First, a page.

ADDITIONS TO THE LEGEND
While reading the account of Muhammad Ali's upset victory over George Foreman (Breaking a Date for the Dance, Nov. 11), I felt that here was something more than a sports article. George Plimpton's superb literary offering created a vivid scenario of the prefight ministrations, the fight itself and its aftermath.
When finally I get to see the fight on TV, I'm sure I'll feel as if I've "seen" it all before, thanks to the excellence that has always been an inherent quality of Plimpton's reporting.
George Plimpton did his typical spectacular job. That was indeed a great day for Ali, a great day for boxing, a great day for sport and a great day for humanity. It does my heart good, in this time of random experience and uncertainty, to know that a Romantic Classicist like Ali can achieve greatness. He is truly the people's champ, whether Archie Moore thinks so or not.
Your well-written article on Muhammad Ali discusses thoroughly the fight itself and all the related activities in Zaire before and after it. Nonetheless, it seems to me you have missed the significance of Ali's tremendous victory. While briefly alluding to the fact that Ali's crown was unjustly stolen more than seven years ago, your article fails to cover extensively the uphill struggle that Ali has gone through. The boxing establishment and a vast majority of the power-wielding public made it as difficult as possible for Ali to regain the title that was rightfully his. And yet Ali was able to overcome adversity in order to obtain his goal. Ali is undoubtedly the most interesting, clever and unpredictable sports figure in the world.
November 25, 1974
Isn't it funny how some things work out? When Joe Frazier beat Ali in their first fight, your cover headline read "End of the Ali Legend." Now it looks as if that fight was only the beginning.
Huntington Beach, Calif.
GETTING IT ACROSS
I appreciate your fine view of cross-country (In France It's Le Cross-Country, Nov. 11). I have never before seen an article that told what this often overlooked sport is really like. Those five drawings by Sempé summed up the loneliness, humor and pain characteristic of cross-country running.
East Point, Ga.
I noticed that on the first pages of the article, No. 9 has just jumped the waterhole and seems to be in fairly good position. On the next two pages, No. 9 is fighting for last place (with a dog that does not even look tired), and in the final illustration, at the bottom, No. 9 is rejoicing as if he has won the race. Strong finish, I presume.
I have lived in the Buffalo area all my life and never considered going swimming or fishing in Lake Erie (Rebirth of a "Dead" Lake, Nov. 4). A short stroll on the lake would have been more appropriate. Stanley Spisiak is to be commended for his efforts in restoring these waters. No tribute is too great for a man who, through his personal efforts, has done what Spisiak has.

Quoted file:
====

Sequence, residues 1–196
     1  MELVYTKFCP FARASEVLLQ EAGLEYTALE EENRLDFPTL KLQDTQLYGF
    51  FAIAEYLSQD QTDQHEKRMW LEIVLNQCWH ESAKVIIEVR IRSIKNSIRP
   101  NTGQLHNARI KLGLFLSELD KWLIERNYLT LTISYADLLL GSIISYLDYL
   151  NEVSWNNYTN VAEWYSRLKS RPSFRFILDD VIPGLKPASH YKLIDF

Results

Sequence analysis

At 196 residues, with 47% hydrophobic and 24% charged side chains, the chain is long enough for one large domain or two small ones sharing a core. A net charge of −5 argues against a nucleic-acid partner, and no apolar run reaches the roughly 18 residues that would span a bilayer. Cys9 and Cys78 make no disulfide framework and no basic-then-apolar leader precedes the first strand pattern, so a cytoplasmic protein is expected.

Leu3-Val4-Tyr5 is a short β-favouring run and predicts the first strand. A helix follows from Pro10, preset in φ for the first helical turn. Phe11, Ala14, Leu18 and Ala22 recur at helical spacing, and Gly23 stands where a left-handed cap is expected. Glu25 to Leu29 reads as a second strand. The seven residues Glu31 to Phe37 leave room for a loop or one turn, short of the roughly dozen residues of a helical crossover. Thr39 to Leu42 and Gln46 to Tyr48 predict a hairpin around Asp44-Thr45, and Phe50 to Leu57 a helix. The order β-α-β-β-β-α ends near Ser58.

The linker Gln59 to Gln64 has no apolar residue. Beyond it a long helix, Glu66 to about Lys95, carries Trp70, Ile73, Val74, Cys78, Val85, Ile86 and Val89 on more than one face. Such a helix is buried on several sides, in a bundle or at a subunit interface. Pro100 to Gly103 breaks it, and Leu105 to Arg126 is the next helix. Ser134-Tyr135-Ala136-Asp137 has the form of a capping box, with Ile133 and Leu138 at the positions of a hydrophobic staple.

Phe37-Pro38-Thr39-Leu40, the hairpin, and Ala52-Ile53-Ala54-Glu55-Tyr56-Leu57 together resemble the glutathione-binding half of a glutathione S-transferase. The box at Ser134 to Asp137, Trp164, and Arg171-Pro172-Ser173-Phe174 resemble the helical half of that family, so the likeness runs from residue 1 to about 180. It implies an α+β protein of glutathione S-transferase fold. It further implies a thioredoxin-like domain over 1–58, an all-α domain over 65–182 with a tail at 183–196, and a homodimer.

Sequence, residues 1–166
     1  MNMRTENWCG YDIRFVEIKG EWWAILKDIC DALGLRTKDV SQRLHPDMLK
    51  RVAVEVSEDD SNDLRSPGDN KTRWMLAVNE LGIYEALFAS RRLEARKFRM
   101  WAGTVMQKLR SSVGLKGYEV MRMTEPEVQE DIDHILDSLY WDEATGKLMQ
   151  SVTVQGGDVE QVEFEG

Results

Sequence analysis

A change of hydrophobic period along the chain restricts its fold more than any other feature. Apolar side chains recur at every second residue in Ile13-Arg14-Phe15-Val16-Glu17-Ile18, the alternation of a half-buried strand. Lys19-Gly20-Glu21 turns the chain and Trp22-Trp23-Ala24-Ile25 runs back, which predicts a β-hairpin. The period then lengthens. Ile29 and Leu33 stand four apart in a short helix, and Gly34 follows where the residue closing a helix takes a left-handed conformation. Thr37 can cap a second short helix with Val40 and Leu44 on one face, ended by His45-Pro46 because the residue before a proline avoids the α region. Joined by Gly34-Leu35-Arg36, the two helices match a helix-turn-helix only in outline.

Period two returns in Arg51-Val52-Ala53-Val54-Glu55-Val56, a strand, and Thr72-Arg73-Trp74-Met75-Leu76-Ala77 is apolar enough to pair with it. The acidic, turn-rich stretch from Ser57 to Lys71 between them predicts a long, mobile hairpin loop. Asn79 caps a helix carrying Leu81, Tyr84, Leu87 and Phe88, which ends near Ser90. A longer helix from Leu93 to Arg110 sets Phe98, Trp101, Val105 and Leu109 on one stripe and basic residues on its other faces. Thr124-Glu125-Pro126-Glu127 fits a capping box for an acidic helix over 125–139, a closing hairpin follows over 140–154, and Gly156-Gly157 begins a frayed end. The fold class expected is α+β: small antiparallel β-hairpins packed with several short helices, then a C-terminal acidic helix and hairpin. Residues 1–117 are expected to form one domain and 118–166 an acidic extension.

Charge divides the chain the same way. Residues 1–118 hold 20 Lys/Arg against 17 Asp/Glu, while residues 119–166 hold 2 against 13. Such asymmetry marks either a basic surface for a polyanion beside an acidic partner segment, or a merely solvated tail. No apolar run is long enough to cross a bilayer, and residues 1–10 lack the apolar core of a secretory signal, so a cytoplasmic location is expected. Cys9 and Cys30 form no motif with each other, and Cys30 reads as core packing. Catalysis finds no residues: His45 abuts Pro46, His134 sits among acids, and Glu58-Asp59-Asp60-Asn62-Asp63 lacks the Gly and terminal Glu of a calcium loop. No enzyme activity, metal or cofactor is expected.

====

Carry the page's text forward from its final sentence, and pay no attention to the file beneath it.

AT THE HEAD
Congratulations to Dan Levin and Eric Schweikardt on a superb job of capturing in words and pictures the color and spirit of the Head of the Charles regatta (Revel of Oars and Shells, Nov. 11). The "Head" is a great rowing spectacle.
The pictures and article bring on chills. It was my first "Head" and Dan Levin caught the mood of it perfectly.
What Levin failed to mention is that not only is the Head a test of an oarsman's endurance, it is also the test of a coxswain's skill. The winding turns, narrow bridges and crowded river brought on more collisions than a traffic circle.
I hope this article will help promote the growth of crew here in D.C., and maybe next year I'll be at the Head again.
I enjoyed your article. However, I would like to point out that the lightweight fours was not the only mixed event. Dallas Abbott (MIT '74) and I (MIT '76) rowed in the pairs race against all-men's boats. Our purpose was not to compete for a winning position, as I weigh 110 pounds and Dallas 130. Instead, we hoped to set a precedent so that next year the Head of the Charles would include a separate pairs event for women.
IN PURSUIT OF GROUSE
As a hunter who is tired of reading about the evils of hunting, I thank you for the fine article by Jim Harrison (Marching to a Different Drummer, Nov. 4). He did a marvelous job of capturing the feeling one gets when pursuing grouse.
PETER K. LAWTON
Having lived only a few miles from the Manistee River all my life, I especially enjoyed Jim Harrison's story. He clearly depicted the beauty and pageantry of grouse hunting in the northern Michigan woods. I know well the thrill and excitement of shooting a grouse on the fly, and the frustration of coming home with an empty bag.
A PECK OF PICKLES
As usual, I enjoyed Kenny Moore's writing style in his recent article concerning the Aerobics Center and Dr. Kenneth Cooper (A Run for Their Money, Nov. 4). However, one statement attributed to me was somewhat misinterpreted. In the paragraph where I say that three out of five patients I see have hypertension, I did not exactly make the statement that all the salt "a man needs in a year" is contained in one dill pickle. What I had intended to say, and evidently this was misheard, was that if you ate a dill pickle every day, that would be all the salt you would need for one year. One dill pickle of medium size contains about 1.4 grams of sodium, and the average amount that a person consumes is in the neighborhood of one to three grams per day. It is a well-known fact that the average American consumes 15 pounds of salt per year. This excessive salt intake is felt by many to be one of the prime reasons we lead the world in the number of cases of hypertension.
RANDOLPH P. MARTIN, M.D.
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